Around 100 tons of highly radioactive water leaked from one of the tanks at Fukushima Daiichi nuclear plant, the plant's operator, Tokyo Electric Power Co. (TEPCO) said on Thursday.
The water reportedly spilled beyond the barrier that is set up to block it from flowing out of tank. TEPCO believes the leakage has not reached the adjacent sea, as there is no drainage nearby that flows out to the sea.
A process to stop the radioactive leak is underway. The spill is said to contain 230 million becquerels per liter of strontium and other beta ray-emitting radioactive substances.
The leak was discovered by workers on patrol at around 11:25 p.m. local time on Wednesday.
It is the latest in a series of leaks that TEPCO has struggled to
control at the stricken nuclear power plant. According to
previous statements from the company, as many as 20 trillion
becquerels of cesium-137, 10 trillion becquerels of strontium-90
and 40 trillion becquerels of tritium have found their way into
the sea by way of groundwater leaks between May 2011 and August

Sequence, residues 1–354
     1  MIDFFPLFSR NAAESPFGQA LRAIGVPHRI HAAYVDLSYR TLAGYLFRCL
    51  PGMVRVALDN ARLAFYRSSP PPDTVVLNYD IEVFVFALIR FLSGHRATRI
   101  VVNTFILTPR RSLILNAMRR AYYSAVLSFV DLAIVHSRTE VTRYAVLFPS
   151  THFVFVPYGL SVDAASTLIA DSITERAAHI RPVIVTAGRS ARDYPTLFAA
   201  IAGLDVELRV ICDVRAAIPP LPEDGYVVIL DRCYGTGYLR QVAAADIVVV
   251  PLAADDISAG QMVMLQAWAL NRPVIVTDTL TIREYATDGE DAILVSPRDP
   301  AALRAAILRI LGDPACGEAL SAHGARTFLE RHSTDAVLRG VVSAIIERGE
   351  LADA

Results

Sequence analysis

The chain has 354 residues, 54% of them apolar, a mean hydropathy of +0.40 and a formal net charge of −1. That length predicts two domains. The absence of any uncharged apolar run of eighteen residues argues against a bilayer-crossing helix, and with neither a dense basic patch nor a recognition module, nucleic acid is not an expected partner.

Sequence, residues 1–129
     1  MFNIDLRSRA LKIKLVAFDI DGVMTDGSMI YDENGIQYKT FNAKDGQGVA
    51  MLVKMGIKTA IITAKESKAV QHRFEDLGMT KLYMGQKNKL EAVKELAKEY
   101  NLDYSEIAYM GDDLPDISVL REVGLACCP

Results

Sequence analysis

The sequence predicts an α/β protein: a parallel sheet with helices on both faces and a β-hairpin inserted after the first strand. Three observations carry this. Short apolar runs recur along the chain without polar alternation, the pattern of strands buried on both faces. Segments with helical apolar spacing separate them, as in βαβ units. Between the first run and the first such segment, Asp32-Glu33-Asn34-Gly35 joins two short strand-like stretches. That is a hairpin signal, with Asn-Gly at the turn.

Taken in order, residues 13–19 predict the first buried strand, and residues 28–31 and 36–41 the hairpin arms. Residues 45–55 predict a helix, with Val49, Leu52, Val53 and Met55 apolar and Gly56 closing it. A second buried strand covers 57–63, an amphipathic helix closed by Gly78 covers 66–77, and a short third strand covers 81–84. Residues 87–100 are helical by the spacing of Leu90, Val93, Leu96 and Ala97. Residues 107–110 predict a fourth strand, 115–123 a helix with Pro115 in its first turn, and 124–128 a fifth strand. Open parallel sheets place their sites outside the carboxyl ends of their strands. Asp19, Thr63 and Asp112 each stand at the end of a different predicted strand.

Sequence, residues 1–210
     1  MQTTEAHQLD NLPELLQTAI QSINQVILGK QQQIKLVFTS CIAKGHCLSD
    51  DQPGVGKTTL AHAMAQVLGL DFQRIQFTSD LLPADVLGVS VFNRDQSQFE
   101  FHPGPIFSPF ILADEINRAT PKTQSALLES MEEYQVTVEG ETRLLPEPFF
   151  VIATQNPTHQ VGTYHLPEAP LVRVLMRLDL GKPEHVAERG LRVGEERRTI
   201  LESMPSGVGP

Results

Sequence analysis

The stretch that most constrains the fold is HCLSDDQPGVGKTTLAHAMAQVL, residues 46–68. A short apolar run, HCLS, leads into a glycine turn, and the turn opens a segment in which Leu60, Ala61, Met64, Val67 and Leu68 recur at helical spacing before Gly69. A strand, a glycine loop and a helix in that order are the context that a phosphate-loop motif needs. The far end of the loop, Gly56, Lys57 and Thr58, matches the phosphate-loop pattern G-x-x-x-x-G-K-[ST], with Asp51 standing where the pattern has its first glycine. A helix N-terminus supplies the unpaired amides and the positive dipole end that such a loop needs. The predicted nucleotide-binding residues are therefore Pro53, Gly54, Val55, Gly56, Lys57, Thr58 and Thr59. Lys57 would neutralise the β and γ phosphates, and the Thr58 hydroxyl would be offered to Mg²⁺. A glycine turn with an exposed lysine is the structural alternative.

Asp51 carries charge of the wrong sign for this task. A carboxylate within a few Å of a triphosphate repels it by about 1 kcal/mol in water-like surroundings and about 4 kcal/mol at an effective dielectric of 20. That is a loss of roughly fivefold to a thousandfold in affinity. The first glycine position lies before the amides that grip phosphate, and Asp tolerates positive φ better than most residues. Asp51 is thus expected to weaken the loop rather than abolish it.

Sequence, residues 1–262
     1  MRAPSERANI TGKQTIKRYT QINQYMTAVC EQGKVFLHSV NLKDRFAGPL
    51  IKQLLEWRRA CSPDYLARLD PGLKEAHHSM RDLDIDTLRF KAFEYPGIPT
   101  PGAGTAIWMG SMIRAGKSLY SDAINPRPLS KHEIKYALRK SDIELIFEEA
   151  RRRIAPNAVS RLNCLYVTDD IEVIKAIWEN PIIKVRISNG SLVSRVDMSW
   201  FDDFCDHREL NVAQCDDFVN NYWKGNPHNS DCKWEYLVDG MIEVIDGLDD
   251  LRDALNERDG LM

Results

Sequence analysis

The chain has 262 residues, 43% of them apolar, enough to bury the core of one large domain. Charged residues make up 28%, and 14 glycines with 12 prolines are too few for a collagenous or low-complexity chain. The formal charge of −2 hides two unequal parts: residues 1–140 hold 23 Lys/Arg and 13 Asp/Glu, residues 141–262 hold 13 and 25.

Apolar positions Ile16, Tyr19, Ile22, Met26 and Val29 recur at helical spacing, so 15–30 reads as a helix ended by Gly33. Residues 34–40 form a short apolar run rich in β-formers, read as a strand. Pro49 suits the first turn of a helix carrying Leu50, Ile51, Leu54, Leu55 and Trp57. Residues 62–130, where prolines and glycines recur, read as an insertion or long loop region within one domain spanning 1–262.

TEPCO has been at the center of a storm of criticism over its management of Fukushima in the wake of the 2011 earthquake-triggered tsunami that decimated the plant. Last week it was revealed that TEPCO had held back reports of dangerously high radiation levels at the plant since September.
Last Thursday the company announced it detected 5 million becquerels per liter of radioactive strontium-90 in a groundwater sample taken some 25 meters from the ocean as early as last September, Reuters reports. The legal limit for releasing strontium into the ocean is just 30 becquerels per liter.
The company refrained from reporting on the leak despite numerous requests from the Nuclear Regulation Authority (NRA). A spokesperson for TEPCO said the decision not to release the data was made because of “uncertainty about the reliability and accuracy of the September strontium reading.”